January 2010

Research Study Shows For-profit Schools Achieve Graduation and Retention Rates Comparable to Those of Colleges and Universities

Washington, D.C. (January 20, 2010) – Vast college campuses with academic programs requiring rigid, full-time schedules isn’t the picture of postsecondary education that fits for thousands of people across the nation. The juggling act of work, financial and family-related obligations can make it nearly impossible for some to attend a traditional college. More Americans, though, are realizing there are more convenient and comparable options where they can obtain a quality education: career colleges.

With advanced programs and facilities, for-profit schools – or career colleges – measure up to traditional colleges and universities and, in some cases, provide better opportunities of success for students in need. A research study sponsored by the Imagine America Foundation (IAF) shows that students who fall into at-risk categories attending career colleges have comparable and often higher retention and graduation rates than those at other institutions. The Educational Policy Institute (EPI), a nonprofit research organization, conducted research for the Foundation’s Graduating At-Risk Students: A Cross-Sector Analysis. The results show the tremendous impact the for-profit sector of education has in training students for careers.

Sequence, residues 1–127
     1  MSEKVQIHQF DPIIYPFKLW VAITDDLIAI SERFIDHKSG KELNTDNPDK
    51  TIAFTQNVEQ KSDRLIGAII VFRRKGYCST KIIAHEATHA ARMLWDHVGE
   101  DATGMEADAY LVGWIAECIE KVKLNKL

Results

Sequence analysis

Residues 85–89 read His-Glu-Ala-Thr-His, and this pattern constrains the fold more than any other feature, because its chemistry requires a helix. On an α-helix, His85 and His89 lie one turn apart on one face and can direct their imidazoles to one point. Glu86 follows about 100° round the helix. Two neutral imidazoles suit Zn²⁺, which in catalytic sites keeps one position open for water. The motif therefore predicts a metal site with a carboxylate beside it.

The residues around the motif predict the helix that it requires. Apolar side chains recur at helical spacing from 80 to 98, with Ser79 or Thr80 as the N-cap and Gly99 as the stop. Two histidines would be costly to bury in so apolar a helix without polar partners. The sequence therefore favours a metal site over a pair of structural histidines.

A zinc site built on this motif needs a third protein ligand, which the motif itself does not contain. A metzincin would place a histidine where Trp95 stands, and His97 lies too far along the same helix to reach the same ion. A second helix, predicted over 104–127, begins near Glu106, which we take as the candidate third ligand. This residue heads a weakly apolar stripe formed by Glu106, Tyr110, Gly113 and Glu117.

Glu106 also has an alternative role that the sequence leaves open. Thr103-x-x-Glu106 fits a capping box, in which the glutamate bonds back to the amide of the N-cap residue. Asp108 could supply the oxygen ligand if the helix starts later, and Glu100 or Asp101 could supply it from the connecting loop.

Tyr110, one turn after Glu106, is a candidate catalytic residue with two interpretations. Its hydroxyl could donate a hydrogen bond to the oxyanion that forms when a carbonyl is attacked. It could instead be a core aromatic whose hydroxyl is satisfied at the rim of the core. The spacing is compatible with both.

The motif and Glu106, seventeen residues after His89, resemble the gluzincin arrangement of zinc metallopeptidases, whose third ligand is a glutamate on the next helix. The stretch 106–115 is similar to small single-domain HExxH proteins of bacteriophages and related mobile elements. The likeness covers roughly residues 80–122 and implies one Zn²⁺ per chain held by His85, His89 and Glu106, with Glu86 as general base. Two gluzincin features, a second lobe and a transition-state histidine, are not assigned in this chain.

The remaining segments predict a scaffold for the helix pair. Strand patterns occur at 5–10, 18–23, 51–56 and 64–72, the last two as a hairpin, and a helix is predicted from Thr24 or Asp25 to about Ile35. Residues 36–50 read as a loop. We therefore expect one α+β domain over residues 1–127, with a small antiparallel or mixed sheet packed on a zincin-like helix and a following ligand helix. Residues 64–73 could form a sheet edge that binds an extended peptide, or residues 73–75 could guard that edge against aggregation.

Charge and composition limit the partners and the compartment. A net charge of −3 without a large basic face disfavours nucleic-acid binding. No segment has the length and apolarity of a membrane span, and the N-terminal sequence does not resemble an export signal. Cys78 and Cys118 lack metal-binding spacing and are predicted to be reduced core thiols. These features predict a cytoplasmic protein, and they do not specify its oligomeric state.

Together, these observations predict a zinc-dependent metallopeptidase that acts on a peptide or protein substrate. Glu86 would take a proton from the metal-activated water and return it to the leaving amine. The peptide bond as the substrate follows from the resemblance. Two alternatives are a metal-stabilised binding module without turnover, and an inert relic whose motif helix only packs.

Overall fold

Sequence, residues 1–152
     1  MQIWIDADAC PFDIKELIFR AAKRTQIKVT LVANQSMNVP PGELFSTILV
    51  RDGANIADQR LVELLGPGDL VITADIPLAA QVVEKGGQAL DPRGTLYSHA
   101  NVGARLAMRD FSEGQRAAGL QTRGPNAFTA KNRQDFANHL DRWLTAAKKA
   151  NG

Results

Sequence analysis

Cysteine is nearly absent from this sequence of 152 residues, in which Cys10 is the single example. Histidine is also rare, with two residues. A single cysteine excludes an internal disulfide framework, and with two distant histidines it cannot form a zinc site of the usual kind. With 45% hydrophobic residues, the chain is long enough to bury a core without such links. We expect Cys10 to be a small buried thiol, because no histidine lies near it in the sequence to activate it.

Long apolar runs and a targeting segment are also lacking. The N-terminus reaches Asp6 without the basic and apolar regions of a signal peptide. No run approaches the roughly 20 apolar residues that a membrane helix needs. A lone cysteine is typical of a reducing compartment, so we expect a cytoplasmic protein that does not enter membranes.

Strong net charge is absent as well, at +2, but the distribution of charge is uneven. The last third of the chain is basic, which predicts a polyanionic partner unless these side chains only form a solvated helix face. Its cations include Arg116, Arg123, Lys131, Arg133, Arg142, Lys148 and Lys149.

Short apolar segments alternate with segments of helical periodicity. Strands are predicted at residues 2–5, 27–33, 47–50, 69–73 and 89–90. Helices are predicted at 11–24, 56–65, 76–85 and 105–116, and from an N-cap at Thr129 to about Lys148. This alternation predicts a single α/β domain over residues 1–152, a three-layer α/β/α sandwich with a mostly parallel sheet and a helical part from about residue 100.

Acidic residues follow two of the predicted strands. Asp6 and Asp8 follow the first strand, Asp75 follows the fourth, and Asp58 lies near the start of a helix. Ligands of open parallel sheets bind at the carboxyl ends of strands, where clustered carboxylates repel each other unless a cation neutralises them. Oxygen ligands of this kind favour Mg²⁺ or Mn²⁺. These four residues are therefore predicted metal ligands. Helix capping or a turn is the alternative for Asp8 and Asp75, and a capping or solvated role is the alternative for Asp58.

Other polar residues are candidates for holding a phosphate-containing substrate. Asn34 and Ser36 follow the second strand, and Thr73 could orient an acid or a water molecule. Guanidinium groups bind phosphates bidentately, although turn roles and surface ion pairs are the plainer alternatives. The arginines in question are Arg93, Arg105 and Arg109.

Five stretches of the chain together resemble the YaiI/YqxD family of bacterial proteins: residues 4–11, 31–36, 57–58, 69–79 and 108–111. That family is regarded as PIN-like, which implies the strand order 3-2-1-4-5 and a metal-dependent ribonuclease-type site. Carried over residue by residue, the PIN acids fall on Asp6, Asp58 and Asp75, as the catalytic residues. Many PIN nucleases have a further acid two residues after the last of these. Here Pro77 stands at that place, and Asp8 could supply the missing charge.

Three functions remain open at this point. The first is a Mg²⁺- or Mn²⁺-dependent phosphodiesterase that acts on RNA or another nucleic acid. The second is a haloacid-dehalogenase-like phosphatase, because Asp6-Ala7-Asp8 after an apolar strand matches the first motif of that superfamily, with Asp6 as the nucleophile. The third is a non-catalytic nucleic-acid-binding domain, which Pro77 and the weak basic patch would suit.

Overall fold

In compiling the research from January to August 2009, EPI relied on two datasets that represented survey information derived from individual learning institutions and survey data from students. In the IPEDS dataset, information from 6,750 institutions, 41% of which were career colleges, is presented.